- The Washington Times - Wednesday, August 31, 2005

Joanne Lalla spent September 11, 2001, nursing burn victims at the Washington Hospital Center.

Now, the registered nurse is among the missing in the flooded-out city of New Orleans. The last time her family spoke to her, she sounded desperate and scared.

“She is always worried about other people first. Knowing that Joanne is such a calm individual, it’s really hard to hear from her sister that she is desperate,” said Nancy Peele, 34, of Arlington who met Miss Lalla when she lived in the District. “As soon as I heard she was there, I immediately went into mode of operation to try to get the word out that Joanne was stuck.”

Hundreds of aid workers from across the country are converging on the hurricane-ravaged regions of Louisiana, Mississippi and Alabama to search for the missing like Miss Lalla and rescue — and take care — of other victims.

In one of the largest search-and-rescue operations in U.S. history, the Navy sent from its Virginia ports four ships loaded with drinking water and other emergency supplies. The hospital ship USNS Comfort is expected to leave Baltimore tomorrow.



The Army and Air Force were providing search-and-rescue helicopters. The American Red Cross, in its biggest-ever relief operation, is sending thousands of volunteers to help pass out food and assist in searches.

About 130 soldiers and airmen from the Maryland Army National Guard and the Maryland Air National Guard were deployed to Mississippi yesterday to help with security and traffic control. The troops are from the National Guard’s 115th Military Police Battalion and the Air National Guard’s 175th Wing.

Maryland Gov. Robert L. Ehrlich Jr. said yesterday the state sent dozens of doctors and nurses and two state mobile health clinics to help hurricane victims.

“This is a test of our compassion as Marylanders and as human beings,” he said.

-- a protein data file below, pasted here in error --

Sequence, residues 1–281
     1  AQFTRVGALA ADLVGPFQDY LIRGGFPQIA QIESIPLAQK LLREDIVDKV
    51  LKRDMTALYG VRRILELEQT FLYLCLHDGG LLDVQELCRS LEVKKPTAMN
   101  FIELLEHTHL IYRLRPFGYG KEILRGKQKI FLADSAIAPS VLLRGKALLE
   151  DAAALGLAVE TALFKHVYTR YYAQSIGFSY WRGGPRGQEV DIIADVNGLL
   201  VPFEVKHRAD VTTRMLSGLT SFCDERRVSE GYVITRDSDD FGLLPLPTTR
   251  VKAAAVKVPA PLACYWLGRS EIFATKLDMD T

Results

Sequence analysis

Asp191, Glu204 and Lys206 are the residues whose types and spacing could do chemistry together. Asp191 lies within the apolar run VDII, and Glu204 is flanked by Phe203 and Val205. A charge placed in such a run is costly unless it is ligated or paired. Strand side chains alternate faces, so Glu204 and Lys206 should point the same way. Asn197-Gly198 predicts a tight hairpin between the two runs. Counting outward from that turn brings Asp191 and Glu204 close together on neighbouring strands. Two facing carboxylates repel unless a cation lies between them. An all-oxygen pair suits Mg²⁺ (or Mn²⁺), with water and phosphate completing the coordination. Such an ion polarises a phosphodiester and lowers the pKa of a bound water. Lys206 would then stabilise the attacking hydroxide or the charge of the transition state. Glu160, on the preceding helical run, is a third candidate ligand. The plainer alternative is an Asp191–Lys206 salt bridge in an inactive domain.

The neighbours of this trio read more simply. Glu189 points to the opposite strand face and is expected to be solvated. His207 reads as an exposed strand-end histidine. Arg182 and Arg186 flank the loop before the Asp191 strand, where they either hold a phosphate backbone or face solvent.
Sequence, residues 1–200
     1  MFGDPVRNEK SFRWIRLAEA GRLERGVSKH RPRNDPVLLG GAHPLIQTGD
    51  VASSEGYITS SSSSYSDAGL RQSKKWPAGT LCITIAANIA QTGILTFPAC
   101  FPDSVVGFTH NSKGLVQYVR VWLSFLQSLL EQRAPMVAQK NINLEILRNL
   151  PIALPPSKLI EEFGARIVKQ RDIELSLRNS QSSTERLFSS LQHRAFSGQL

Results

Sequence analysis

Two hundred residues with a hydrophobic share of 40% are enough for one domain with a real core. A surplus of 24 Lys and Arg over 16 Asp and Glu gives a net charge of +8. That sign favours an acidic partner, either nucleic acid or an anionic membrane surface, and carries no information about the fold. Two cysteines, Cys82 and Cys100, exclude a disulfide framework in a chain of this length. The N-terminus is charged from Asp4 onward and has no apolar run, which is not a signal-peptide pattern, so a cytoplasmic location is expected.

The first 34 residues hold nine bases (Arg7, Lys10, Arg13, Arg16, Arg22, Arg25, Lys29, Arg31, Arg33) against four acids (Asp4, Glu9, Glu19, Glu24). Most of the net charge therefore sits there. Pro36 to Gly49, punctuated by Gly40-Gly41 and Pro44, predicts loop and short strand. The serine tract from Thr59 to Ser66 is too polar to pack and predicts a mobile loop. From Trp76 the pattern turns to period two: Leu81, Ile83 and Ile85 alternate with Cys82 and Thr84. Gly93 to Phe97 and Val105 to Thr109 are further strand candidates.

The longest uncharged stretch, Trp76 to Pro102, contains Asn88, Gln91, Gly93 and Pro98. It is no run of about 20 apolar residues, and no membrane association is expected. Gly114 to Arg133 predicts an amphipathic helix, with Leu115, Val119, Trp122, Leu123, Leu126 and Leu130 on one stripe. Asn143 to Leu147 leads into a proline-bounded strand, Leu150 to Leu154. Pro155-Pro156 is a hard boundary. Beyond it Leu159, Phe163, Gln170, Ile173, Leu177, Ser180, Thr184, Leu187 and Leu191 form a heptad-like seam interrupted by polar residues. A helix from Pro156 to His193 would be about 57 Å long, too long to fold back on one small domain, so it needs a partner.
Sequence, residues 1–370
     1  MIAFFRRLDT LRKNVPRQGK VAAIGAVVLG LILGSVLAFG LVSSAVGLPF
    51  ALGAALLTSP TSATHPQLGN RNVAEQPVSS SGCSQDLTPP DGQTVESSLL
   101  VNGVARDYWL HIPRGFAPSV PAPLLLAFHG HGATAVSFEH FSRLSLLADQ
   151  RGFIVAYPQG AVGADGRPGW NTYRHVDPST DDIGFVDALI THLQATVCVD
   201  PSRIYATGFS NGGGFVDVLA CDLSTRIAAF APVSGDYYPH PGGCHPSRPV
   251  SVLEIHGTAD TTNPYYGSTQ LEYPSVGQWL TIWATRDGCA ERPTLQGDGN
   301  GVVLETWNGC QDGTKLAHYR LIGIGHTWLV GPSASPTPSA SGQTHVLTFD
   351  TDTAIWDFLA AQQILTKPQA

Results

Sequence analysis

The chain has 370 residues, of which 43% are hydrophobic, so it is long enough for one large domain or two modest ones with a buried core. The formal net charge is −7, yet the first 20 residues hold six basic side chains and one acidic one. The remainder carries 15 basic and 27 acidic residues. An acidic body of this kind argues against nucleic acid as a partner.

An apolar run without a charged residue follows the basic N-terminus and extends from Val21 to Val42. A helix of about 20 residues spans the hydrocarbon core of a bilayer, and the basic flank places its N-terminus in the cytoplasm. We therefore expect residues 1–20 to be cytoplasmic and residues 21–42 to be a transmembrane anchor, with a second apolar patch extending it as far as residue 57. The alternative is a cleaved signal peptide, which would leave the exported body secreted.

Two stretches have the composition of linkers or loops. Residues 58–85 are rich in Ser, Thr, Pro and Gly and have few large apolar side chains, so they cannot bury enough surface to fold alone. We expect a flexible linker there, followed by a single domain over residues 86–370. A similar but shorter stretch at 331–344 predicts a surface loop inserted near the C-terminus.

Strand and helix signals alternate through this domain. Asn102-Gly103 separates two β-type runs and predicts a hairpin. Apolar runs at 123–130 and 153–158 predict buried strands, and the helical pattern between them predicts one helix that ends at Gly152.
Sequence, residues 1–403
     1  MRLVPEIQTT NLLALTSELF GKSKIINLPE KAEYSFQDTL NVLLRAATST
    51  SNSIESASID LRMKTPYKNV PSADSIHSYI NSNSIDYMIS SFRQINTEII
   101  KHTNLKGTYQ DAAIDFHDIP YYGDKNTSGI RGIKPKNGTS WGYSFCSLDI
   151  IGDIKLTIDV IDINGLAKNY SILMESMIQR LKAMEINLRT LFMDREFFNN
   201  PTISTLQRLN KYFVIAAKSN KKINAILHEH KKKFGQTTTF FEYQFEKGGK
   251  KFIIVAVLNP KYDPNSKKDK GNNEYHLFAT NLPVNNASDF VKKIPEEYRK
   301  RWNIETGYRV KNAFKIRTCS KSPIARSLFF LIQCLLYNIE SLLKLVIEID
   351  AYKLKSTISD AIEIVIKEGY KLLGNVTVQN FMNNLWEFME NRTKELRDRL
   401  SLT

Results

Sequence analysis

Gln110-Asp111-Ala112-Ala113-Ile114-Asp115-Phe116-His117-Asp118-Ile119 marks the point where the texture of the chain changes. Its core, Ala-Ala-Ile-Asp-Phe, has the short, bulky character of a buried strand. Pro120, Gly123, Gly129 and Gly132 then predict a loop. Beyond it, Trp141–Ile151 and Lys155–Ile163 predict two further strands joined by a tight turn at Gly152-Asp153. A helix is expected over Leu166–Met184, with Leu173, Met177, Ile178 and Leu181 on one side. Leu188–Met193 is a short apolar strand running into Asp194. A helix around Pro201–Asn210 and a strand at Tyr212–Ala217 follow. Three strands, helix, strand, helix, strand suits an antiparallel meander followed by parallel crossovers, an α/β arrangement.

Virginia Gov. Mark Warner activated the Virginia Emergency Operations Center to track relief efforts and offers of assistance.

“Virginians are eager to help in what the president has called one of our nation’s worst natural disasters,” he said. “[After] Hurricane Isabel, other states were quick to come to our aid, and we will always remember that kindness.”

A 34-person search-and-rescue team from Fairfax County began setting up in Gulfport, Miss., yesterday, authorities said. Another 35 members of a similar team from Montgomery County were at Stennis Space Center in Louisiana.

The crews are among 18 urban search-and-rescue teams and two incident-support teams deployed to the Gulf Coast. An additional eight swift-water-rescue teams also have been deployed, federal officials said.

The crews arrived in the Gulf Coast region as the number of deaths from Hurricane Katrina reached at least 110 in Mississippi alone. In New Orleans, the mayor said yesterday that thousands of people could be dead.

The region’s utility crews, including Potomac Electric Power Co. and Dominion Virginia Power, sent crews to help restore power to thousands of businesses and homes.

Miss Lalla was among hundreds stuck in the Memorial Medical Center in downtown New Orleans after Katrina made landfall Monday. The hospital had not yet evacuated yesterday afternoon.

When her family spoke to her Tuesday night, Miss Lalla was with cancer patients in the hospital, praying to be evacuated. That was the last time they heard from her.

Miss Lalla’s sister, Carolyn Lalla Bailey, 32, spent yesterday in her family’s hotel room in Shreveport, La., waiting to hear word from her missing sibling.

“We’ve been talking with her for the past few days, and she said the conditions are just horrible,” said Mrs. Bailey, a former Capitol Hill staff member who now lives in New Orleans. “The looters are trying to break into the hospital. They have no electricity; the backup generator went down. They are having to ration the water so the patients can get their medicine. They even have a portable oxygen tank that they are having to ration.”

Miss Lalla moved back to New Orleans to escape the stress of living in the District after the terrorist attacks.

In addition to worrying about her sister, Mrs. Bailey said Katrina destroyed her lakefront home and her family’s home.

“There are moments of my day that I don’t believe this has really happened,” Mrs. Bailey said. “It’s like a bad dream. I just want to go back to my normal life and home life, but then my husband reminds me that life will never be ‘normal’ after this. … Everything, everything is gone.”

• This article is based in part on wire service reports.

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